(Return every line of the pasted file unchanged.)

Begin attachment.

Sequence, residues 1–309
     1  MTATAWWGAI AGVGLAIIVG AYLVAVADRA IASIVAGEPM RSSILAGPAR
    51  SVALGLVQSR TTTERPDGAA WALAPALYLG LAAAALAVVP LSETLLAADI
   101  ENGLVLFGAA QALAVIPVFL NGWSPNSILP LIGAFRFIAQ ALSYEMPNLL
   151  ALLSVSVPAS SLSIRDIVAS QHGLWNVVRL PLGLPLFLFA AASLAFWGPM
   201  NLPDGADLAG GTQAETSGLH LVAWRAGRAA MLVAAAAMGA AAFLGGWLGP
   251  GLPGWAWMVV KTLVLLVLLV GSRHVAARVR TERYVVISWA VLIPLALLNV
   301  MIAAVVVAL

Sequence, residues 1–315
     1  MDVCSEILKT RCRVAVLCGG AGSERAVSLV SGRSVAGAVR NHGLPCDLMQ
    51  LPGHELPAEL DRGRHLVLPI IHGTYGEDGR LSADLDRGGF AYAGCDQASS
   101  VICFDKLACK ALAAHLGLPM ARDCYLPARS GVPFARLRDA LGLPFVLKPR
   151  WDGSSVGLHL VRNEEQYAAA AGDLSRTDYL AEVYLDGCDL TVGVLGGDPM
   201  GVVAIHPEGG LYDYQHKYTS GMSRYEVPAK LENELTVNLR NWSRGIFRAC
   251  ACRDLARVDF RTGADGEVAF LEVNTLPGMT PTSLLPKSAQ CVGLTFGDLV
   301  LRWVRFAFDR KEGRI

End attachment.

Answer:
Sequence, residues 1–309
     1  MTATAWWGAI AGVGLAIIVG AYLVAVADRA IASIVAGEPM RSSILAGPAR
    51  SVALGLVQSR TTTERPDGAA WALAPALYLG LAAAALAVVP LSETLLAADI
   101  ENGLVLFGAA QALAVIPVFL NGWSPNSILP LIGAFRFIAQ ALSYEMPNLL
   151  ALLSVSVPAS SLSIRDIVAS QHGLWNVVRL PLGLPLFLFA AASLAFWGPM
   201  NLPDGADLAG GTQAETSGLH LVAWRAGRAA MLVAAAAMGA AAFLGGWLGP
   251  GLPGWAWMVV KTLVLLVLLV GSRHVAARVR TERYVVISWA VLIPLALLNV
   301  MIAAVVVAL

Sequence, residues 1–315
     1  MDVCSEILKT RCRVAVLCGG AGSERAVSLV SGRSVAGAVR NHGLPCDLMQ
    51  LPGHELPAEL DRGRHLVLPI IHGTYGEDGR LSADLDRGGF AYAGCDQASS
   101  VICFDKLACK ALAAHLGLPM ARDCYLPARS GVPFARLRDA LGLPFVLKPR
   151  WDGSSVGLHL VRNEEQYAAA AGDLSRTDYL AEVYLDGCDL TVGVLGGDPM
   201  GVVAIHPEGG LYDYQHKYTS GMSRYEVPAK LENELTVNLR NWSRGIFRAC
   251  ACRDLARVDF RTGADGEVAF LEVNTLPGMT PTSLLPKSAQ CVGLTFGDLV
   301  LRWVRFAFDR KEGRI